Two pieces that particularly stood out to me in this vein were Abbas Akhavan’s Study for a Monument (2013-16, Bronze and cotton) and Joana Hadjithomas and Khalil Joreige’s Latent Images, Diary of a Photographer, 177 Days of Performances (2015).

Abbas Akhavan, Study for a Monument, installation view

Abbas Akhavan, Study for a Monument, installation view

From Akhavan’s website:

Study for a Monument, detail view

Study for a Monument, detail view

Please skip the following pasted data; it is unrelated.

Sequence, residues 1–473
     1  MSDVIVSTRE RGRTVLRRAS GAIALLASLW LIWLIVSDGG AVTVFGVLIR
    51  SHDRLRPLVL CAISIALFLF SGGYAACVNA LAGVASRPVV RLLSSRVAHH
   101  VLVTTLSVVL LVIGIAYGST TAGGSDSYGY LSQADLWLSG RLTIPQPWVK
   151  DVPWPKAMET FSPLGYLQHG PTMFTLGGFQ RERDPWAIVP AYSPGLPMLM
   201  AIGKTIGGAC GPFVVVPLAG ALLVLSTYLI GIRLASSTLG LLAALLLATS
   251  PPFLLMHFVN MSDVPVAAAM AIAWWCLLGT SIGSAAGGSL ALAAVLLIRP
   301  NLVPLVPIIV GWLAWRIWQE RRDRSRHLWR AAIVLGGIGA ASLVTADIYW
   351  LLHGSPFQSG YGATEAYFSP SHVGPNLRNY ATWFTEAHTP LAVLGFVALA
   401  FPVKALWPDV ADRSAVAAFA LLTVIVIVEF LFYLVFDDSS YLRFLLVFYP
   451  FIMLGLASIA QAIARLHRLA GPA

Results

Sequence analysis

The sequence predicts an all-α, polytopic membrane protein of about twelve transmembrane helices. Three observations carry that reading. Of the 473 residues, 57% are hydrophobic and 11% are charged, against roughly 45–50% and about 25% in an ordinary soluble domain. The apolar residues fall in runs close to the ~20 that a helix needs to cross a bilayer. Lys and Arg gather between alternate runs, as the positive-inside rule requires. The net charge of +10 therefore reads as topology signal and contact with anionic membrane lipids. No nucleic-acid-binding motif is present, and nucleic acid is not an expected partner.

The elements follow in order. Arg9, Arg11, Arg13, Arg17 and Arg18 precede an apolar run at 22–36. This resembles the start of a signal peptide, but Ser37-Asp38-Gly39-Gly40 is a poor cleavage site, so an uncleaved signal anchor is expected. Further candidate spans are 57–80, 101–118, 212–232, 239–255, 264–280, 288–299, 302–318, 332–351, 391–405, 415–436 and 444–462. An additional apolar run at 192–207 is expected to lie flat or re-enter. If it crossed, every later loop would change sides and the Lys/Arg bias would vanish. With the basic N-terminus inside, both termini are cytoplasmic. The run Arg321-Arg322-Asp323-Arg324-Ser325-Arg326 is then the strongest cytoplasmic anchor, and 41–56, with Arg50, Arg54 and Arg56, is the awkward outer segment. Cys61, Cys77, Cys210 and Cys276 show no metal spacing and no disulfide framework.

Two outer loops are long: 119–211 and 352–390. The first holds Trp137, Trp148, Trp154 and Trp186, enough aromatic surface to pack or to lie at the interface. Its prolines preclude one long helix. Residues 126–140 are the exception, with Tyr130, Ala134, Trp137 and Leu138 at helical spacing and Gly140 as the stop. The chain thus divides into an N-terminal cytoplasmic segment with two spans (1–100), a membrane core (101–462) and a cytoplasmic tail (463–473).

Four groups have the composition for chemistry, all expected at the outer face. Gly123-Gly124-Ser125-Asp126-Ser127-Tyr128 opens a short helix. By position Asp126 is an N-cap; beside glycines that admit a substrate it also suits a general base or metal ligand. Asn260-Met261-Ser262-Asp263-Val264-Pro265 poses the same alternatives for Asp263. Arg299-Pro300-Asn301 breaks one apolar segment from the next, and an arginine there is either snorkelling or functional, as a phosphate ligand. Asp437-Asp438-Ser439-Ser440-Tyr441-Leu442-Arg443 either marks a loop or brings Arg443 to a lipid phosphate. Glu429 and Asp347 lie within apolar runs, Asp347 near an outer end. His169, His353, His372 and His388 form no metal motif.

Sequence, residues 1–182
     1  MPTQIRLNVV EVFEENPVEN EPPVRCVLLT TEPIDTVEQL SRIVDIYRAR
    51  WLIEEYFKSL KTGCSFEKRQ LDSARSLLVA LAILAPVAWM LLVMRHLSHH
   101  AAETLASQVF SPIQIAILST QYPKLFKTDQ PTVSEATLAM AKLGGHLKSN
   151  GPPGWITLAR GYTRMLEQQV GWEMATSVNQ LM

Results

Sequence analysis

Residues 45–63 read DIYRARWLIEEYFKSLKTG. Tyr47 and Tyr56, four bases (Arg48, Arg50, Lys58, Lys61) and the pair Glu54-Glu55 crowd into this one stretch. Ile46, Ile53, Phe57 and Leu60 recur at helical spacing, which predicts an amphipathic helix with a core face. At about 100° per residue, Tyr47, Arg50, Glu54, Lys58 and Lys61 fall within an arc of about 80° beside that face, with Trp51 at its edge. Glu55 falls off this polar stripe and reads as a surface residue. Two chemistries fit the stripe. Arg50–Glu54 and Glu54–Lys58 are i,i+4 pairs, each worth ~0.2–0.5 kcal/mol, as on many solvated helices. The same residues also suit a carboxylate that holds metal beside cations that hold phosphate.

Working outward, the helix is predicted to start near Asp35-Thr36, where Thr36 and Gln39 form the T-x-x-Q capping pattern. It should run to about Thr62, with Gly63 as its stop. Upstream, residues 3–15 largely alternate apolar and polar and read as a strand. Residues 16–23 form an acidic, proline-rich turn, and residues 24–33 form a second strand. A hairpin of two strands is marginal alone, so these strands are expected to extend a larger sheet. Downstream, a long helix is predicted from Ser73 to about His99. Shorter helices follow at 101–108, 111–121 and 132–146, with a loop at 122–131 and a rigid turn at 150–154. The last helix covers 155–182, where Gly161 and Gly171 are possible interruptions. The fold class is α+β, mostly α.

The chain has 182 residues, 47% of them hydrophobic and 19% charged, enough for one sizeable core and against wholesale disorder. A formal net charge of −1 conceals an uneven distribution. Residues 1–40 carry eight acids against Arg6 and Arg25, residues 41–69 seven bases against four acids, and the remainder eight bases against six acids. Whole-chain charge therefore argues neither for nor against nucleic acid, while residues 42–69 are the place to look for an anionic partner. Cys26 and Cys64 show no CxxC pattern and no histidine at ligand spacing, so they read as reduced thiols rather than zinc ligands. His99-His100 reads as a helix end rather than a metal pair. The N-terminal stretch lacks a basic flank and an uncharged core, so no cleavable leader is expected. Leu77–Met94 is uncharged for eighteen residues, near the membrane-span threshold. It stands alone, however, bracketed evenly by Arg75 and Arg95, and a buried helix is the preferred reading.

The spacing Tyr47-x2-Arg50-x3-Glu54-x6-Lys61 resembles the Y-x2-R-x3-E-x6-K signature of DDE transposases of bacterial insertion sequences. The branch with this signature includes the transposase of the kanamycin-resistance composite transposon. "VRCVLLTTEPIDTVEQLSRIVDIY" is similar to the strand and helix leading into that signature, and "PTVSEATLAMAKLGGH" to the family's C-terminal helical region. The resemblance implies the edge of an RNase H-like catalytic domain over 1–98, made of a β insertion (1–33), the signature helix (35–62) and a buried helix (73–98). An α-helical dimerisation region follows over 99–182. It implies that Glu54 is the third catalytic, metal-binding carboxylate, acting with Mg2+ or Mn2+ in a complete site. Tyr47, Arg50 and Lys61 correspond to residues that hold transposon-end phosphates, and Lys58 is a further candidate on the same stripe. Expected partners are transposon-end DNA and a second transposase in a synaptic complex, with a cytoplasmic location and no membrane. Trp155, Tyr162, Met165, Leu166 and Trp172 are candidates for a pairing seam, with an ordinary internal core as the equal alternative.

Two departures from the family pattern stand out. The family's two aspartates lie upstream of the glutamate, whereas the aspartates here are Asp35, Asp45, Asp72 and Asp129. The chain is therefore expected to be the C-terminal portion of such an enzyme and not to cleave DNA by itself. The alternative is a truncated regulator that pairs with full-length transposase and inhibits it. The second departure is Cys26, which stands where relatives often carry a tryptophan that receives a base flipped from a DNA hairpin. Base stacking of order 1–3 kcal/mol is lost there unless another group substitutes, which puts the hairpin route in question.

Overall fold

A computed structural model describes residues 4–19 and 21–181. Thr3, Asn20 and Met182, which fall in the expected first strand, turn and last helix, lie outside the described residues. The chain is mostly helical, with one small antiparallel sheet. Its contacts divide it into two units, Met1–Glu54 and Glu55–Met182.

‘Study for a Monument’ (2013 – ongoing) is an act of commemoration, and also an attempt to archive plants belonging to regions around the Tigris and Euphrates rivers, the title hinting at the legendary gardens of Babylon. Plant taxonomy thrived as a scientific discipline in the colonial period, when 19th-century researchers gained access to new areas and organised expeditions around the world gathering species, thereby becoming the gatekeepers of scientific knowledge. Akhavan has traced botanical species such as those held at the Royal Botanic Gardens at Kew, in particular endemic species that grow in present-day Iraq, such as Iris barnumae, Astragalus lobophorus and Campanula acutiloba. Damage to their habitat, firstly by the destruction of salt marshes by Saddam Hussein’s Ba’athist government to quell the marsh Arabs’ resistance and then by the effects of the Iraq war, has made tracing them a difficult task. Rooted in the funerary tradition of commemorating the dead, monuments often record public figures or landmark historical events. They demonstrate strength and attempt to stimulate forms of nationalist or collective memory despite the inevitability of shifts in power. Sculpted from photographic documentation and cast in bronze, these flowers, stems, leaves and roots are displayed in groupings which rest on the ground, resisting the verticality and singularity of traditional monuments. Enlarged to a human scale, they are displayed on simple white sheets, as if captured while being transported.